Monday, October 15, 2012

Somaliland: Drought Leaves Nothing Untouched

The village elders are quick to tell me that Boodhlay, the name of this village, means dusty. A quick glance around shows that this name is very apt indeed.
There is hardly any vegetation here at all. No grass, just pockets of dry scrub, spiky acacia trees and dust as far as the eye can see. Unusually for this part of Somaliland, I can't see a single camel.
Almost everyone in the village is a pastoralist. This means that they are largely reliant on their herds of camels, goats and sheep to provide food, milk and income for their families. When there is not enough rain, the pasture soon disappears and people are forced to move in search of food and water for their animals.
"It is affecting every aspect of life"
Yusuf, one of the village elders tells me: "There have been droughts here for a long time now. The situation is very difficult. It is affecting the food and water supply, our incomes and the children's education. It is affecting every aspect of life."
When the drought came last year many people lost animals. In a place where your livestock are your livelihood, some families lost everything.
Recently, the humanitarian situation in Somaliland has modestly improved. The rainy season – known in the region as the Gu rains – was not as meagre as predicted this year. But there are many pockets of land, like Boodhlay, where the rains have been both late and insufficient. In these areas pasture remains extremely limited and water – both for livestock and human consumption – is scarce.
As Yusuf told me: "People think that because we have had some rains recently everything is OK. But they are wrong. Ten days ago it rained for two days. We've had nothing since. These two days of rain will not fix things. It takes a long time to recover. Nothing has changed."
Our response
Unless assistance is provided, these factors could lead to destitution for many of the pastoral communities that call eastern Somaliland home. We're calling for urgent funding to contribute towards sustainable early recovery in these areas.
We have also have launched an emergency intervention to address the lack of water in villages where we are already working, such as Boodhlay.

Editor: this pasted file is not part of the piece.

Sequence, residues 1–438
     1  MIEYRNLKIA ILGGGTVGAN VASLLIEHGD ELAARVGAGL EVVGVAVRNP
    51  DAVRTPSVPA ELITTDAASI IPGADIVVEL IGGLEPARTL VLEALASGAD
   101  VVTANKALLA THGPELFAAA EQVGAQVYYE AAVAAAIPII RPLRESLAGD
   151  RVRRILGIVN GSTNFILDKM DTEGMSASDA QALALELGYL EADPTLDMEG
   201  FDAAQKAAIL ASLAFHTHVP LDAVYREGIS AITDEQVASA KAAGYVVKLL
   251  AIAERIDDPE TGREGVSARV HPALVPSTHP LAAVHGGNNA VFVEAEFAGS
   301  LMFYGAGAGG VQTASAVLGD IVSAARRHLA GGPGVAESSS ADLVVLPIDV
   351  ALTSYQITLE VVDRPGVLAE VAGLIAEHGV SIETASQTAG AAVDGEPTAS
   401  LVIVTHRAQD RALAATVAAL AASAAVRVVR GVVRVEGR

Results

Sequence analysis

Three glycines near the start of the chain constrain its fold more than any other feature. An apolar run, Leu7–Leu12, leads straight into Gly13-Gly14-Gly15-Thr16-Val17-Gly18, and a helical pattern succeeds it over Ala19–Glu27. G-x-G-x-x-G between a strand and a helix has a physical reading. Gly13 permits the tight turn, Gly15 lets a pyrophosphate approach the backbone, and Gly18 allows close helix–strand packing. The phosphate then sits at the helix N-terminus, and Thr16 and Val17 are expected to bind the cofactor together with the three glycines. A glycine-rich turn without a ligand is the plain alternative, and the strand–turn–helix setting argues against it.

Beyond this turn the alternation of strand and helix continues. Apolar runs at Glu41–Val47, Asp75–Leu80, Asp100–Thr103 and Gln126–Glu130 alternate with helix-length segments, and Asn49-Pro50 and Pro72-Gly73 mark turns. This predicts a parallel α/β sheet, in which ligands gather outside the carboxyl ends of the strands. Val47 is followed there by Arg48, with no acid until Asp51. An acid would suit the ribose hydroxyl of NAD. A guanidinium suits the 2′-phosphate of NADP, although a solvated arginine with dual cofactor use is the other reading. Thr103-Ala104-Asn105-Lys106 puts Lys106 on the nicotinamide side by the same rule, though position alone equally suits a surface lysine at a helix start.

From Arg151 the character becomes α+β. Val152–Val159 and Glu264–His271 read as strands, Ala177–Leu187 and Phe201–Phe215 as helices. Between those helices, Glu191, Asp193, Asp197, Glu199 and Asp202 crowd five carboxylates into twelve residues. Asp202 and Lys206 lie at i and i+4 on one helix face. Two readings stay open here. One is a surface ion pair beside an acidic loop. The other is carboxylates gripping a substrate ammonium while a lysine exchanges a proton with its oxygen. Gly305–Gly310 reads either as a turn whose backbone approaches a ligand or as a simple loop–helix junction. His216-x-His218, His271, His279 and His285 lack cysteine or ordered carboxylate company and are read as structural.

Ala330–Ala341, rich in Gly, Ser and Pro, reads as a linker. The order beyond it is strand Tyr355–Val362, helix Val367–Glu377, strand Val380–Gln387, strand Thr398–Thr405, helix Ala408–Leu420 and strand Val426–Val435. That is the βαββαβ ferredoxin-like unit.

The Water, Sanitation and Hygiene (WASH) component of our response is already underway, and we're aiming to provide immediate access to safe water for more than 7,000 families. This is being achieved via emergency water trucking, the restoration of water sources (berkads), or a combination of both.
In total we're targeting 21 villages in eastern Somaliland. To date, we've reached 13,557 people, including 6,110 children in the area through our WASH intervention.

In response to 2011's famine in parts of southern Somalia, the United Nations Food and Agriculture Organization (FAO) more than doubled its support to Somali farmers, especially in the cereal producing parts in the country's south.

To restore the crop production capacity, FAO distributed appropriate agricultural inputs (cereal seeds and fertilizers) and provided technical assistance in conservation agriculture. In the cropping season that followed 2011's famine declaration, FAO procured and distributed 3750 tons of Urea and 1300 tons of DAP fertilizer to Somali farmers. Other farm inputs included 135 tonnes of maize seeds, 935 tonnes of sorghum seeds and 120 tonnes of sesame seeds.

Distribution of these inputs is aimed at restoring the productive capacity (and improving food security) of some 150, 000 farming households (equivalent to 900 000 people) in Somalia.

However, 2012 has seen the introduction of tractor hours per beneficiary, through which farmers access tractors to cultivate their land resulted in cultivation of over 1,533hectares of land. Through a creating irrigation scheme, farmers pay money to access water pumps to irrigate their fields. As a result, some 8496 hectares has been irrigated to date.

FAO's agricultural activitiesEuropean Commission, United Kingdom, United States, Australia Aid, The World Bank Belgium, Spain and Italy.

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